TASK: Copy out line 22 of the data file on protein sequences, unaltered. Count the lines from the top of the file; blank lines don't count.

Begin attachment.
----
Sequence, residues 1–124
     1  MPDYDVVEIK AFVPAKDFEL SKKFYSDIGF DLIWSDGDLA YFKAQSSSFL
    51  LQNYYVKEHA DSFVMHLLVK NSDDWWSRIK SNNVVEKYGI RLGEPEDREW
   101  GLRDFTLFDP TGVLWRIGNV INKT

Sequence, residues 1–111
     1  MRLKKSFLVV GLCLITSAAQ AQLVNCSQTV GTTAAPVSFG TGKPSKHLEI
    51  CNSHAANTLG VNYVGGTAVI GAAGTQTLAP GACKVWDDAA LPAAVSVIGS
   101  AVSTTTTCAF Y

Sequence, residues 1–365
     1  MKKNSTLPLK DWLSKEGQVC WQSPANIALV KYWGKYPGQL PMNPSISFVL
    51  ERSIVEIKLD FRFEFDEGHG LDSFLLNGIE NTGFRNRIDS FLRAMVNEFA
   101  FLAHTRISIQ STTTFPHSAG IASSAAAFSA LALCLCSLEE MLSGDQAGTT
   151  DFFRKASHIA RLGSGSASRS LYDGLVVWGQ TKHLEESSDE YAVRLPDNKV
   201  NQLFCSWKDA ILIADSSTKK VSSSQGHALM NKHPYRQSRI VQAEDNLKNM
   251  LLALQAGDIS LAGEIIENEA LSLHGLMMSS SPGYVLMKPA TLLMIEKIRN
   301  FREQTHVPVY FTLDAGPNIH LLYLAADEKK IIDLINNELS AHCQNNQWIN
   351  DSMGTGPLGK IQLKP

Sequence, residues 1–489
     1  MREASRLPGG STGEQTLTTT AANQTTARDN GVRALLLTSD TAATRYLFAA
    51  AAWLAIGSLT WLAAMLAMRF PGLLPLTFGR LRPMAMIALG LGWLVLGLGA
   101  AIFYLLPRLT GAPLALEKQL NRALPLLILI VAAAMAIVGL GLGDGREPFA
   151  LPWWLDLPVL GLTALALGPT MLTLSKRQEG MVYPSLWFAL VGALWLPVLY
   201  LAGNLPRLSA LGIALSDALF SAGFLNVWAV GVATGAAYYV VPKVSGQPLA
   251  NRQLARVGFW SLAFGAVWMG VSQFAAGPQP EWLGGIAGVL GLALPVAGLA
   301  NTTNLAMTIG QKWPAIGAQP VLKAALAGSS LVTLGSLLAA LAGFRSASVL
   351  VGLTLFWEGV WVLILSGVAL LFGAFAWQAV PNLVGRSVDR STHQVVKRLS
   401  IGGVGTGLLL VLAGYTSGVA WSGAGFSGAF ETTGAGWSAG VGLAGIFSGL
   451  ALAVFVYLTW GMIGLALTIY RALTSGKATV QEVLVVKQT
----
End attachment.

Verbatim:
   151  LPWWLDLPVL GLTALALGPT MLTLSKRQEG MVYPSLWFAL VGALWLPVLY